Further reflections on Allison Cameron (House)

The deeper I get into season 2 of House, the less I like Cameron. Which is not a problem in and of itself: unlikeable females can be great women characters. But what is starting to worry me is the specific ways in which she’s unlikeable: she’s either overly emotional, or kind of stalker-ish.

She’s too weak to tell patients bad news. Okay, some people are – I’ve certainly been to male doctors who thought, “Why don’t we wait and see?” was a better response than, “Well, there’s a possibility it’s cancer, but there are about a dozen other things it could be, so let’s not jump to any conclusions until we get the tests back.” I try not to infer any metamessages about women from the fact that it’s that it’s The Girl who has this weakness, because Cuddy is such an excellent contrasting example.

Cameron’s other irritating behavior has to do with her stalkerish tendencies regarding House. In season one, she basically forced him into a date. It didn’t go well, because after a short while he explained to her that she wasn’t capable of love: she just needed to be needed, so she went after people she thought were damaged and latched onto them. Again, this time because the writers were so specific about Cameron’s hang-ups, it’s hard to take it as an indictment against all women.

But in one of the episodes I saw last night, she took it upon herself to force a dinner between House and his parents and half the curious hostpital staff – a dinner he clearly didn’t want to have. She had the good grace to bow out at the last minute, as it was none of her business, but good lord: the damage was already done. Had a friend done that to me, I’d have verbally ripped him or her a new one. Cameron is not House’s friend. I’m not sure what she thinks she is to him, or wants to be, but she needs to get over it.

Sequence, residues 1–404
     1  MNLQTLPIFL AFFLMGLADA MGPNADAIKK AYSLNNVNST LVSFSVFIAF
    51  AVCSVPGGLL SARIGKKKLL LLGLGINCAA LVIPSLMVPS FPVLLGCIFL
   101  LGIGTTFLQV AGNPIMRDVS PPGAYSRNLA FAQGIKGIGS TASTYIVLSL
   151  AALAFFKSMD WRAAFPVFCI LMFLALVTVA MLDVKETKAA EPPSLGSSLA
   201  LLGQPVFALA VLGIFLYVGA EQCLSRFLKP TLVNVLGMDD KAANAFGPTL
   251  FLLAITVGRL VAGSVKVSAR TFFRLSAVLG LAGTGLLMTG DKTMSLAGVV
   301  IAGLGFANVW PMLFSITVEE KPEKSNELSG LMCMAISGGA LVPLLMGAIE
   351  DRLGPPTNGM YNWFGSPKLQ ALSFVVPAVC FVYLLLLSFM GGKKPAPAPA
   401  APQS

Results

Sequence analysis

As unlikeable as Chase is, his crap isn’t spotlighted as often as hers, which would offset her and any perception that she represents any woman other than herself. And Cuddy doesn’t get enough screen time, by any stretch, so that’s not offsetting her. I don’t think the writers are trying to put across a metamessage about how crazy women are, but I do have to wonder: do they see her like I do? If not, how do they see her? If so, which audience members do they think want to see her this way?

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